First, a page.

internet documents. Gopher has been almost
entirely subsumed in the World Wide Web, but
you may still find gopher documents linked to in
The World Wide Web (WWW or “the Web”).
The largest, fastest growing activity on the
What is the World Wide Web and what
makes it work?
The WWW incorporates all of the Internet services
above and much more. You can retrieve documents,
view images, animation, and video, listen to sound
files, speak and hear voice, and view programs that
run on practically any software in the world, providing
your computer has the hardware and software to do
When you log onto the Internet using Netscape or Microsoft’s Internet Explorer or some other
browser, you are viewing documents on the World
Wide Web. The current foundation on which the
WWW functions is the programming language called
HTML. It is HTML and other programming imbedded within HTML that make possible Hypertext.
Hypertext is the ability to have web pages containing
links, which are areas in a page or buttons or graphics
on which you can click your mouse button to retrieve
another document into your computer. This “clickability” using Hypertext links is the feature which is
unique and revolutionary about the Web.
What is a Browser? What is Netscape and
A browser is a computer program that resides on
your computer enabling you to use the computer to view
WWW documents and access the Internet taking advantage of text formatting, hypertext links, images,
sounds, motion, and other features. Netscape and
Internet Explorer are currently the leading “graphical browsers” in the world (meaning they facilitate
the viewing of graphics such as images and video
and more). There are other browsers (e.g., Mozilla
Firefox, Opera). Most offer many of the same
INTERNAL ORGANIZATIONAL STRUCTURE OF BUSINESS
features and can be successfully used to retrieve
documents and activate many kinds of programs.
Search engines use software programs that uses
the browsers and enable the user to locate specific
information on the internet. Most operate by searching
for specific key words among the millions of sites on
the web. Some of the major search websites are Google,
Yahoo, and Excite. There are many different search
websites, and each is organized according to slightly
different principles. The best way to use these websites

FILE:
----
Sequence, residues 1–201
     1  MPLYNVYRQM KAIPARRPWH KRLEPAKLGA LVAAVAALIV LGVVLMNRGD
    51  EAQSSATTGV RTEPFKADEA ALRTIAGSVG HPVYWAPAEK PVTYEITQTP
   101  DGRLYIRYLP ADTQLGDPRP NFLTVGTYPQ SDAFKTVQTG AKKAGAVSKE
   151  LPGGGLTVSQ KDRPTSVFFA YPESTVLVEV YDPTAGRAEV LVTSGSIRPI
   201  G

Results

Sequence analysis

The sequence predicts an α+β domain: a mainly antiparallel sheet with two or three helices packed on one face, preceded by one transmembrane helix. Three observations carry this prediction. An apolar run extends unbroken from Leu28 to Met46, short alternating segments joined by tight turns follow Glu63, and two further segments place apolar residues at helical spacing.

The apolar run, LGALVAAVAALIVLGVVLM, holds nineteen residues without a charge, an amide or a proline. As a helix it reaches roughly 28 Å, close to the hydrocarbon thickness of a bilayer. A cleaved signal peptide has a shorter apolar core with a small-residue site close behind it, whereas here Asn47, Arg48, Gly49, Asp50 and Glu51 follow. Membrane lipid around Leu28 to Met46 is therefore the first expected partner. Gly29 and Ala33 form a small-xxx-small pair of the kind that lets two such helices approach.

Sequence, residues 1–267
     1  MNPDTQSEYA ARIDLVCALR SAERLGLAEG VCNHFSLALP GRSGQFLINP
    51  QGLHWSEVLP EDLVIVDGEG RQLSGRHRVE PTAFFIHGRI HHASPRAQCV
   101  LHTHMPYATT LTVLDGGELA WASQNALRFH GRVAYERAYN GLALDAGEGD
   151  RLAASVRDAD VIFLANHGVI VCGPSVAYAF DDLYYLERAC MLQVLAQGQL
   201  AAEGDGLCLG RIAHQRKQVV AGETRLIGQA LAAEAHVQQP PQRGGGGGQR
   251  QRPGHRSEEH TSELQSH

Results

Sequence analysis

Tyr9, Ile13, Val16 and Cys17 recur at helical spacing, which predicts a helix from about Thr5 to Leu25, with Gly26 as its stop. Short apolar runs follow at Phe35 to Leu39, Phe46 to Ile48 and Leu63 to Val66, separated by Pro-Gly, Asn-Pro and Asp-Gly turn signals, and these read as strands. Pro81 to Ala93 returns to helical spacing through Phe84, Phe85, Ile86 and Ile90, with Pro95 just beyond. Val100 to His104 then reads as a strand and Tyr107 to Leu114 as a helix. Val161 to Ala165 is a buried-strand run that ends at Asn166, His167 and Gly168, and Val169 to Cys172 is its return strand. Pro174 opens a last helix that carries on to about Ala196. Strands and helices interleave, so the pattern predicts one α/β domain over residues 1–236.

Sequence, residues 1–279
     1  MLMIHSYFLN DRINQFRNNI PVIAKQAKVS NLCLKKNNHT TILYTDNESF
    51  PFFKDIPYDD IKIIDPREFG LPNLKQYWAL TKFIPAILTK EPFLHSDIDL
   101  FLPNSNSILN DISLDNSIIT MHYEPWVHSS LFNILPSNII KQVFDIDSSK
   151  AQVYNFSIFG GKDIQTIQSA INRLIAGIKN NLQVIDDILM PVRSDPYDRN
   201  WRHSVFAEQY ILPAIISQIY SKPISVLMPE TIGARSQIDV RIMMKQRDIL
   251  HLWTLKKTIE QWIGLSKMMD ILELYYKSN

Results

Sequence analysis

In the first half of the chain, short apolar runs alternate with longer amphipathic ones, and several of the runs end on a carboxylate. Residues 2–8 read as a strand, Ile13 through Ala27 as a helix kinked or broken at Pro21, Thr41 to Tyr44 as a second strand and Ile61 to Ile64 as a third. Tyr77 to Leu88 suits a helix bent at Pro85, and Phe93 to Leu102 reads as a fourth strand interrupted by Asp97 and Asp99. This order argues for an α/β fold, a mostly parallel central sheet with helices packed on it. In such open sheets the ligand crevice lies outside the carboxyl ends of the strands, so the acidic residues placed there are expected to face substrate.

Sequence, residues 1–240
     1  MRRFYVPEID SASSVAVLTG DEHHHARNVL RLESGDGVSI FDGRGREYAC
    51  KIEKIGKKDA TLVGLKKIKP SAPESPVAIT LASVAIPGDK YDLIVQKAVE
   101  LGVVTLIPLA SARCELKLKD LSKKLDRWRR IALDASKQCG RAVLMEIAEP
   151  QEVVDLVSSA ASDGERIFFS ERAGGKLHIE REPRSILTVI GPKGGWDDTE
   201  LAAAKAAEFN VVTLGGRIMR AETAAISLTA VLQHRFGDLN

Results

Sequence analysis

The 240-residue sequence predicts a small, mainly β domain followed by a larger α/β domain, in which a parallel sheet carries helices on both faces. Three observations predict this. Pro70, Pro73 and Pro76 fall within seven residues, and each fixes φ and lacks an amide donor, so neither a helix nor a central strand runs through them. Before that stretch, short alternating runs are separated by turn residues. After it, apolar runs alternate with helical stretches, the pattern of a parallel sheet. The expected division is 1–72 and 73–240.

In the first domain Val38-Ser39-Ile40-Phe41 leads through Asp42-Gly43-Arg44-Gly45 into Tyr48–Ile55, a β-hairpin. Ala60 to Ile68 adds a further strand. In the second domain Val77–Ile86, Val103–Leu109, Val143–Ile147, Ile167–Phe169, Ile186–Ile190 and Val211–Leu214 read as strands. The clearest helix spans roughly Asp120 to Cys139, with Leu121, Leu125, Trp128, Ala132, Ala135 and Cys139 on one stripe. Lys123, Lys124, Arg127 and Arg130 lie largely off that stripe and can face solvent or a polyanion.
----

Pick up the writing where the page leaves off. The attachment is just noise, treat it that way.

is to locate one that works for you and then continue
to use it; as you learn more about a specific search
engine your searches will become more efficient and
The search engine has a textbox where one can
type in a word or phrase. Pressing enter on the keyboard
will display a list of related topics corresponding to the
word or phrase typed. To view the information, one
has to click on a link with the mouse and a new page
will open with that topic. Each browser has navigation buttons for users to go back, forward, stop,
refresh or go to the home page.
2. Using the Internet to Access
Requirements for the Internet
Logging onto the internet and getting information is a process which is very similar to that of
searching a large public library for information. But
the process is a lot faster using the internet services
which are currently available on computers.
In a large library, our first objective is to obtain
a catalog number then proceed to the bookshelf, get
the required book [according to the author’s name
or subject title] and search for the relevant chapters
depending upon the topic.
In the case of using the internet, the user must
have access to a
• Personal Computer equipped with a modem
[modulator/demodulator] – this part is used to
convert digital signals to analog signals and vice
• Username and Password – obtainable only after
signing up is completed with the Internet Service
Provider [example Tstt or Interserv or Carib Link]
Telephone line connections which is attached
directly to the modem of the computer
• Browser software such as Netscape Navigator or
Internet Explorer – normally obtained from the
supplier of the software for computers
A COMPREHENSIVE COURSE IN PRINCIPLES OF BUSINESS
Connecting to the Internet
After entering the User name and Password, the
user establishes contact with the internet and searching
for information can now begin by:
Selecting a search engine such as Yahoo or
Excite or Google. There are many others
available depending upon the nature of the
Entering the website using the keyboard, in the
box provided by the search engine
The search is now carried out after pressing the
ENTER key or using the mouse and clicking on search
to determine the amount of information available.
The user is now invited to traverse the subtopics
[using the scroll knob] which are presented on the
screen and choose one subtopic using the mouse. The
contents can be viewed, printed out, or saved on the
Hard Drive or Floppy diskette for later use.
Using the Browser and Search Engine
In the following Example, the Internet Explorer
is chosen as the Browser software and Excite is
selected as the search engine.
Suppose we are searching for information on the
topic “SOLE BUSINESS OWNERSHIP”
The steps are as follows:
 Start up the computer and establish connection
with the internet by entering your username and
 Double Click on the Internet Explorer Icon
using the mouse or Click Once using the mouse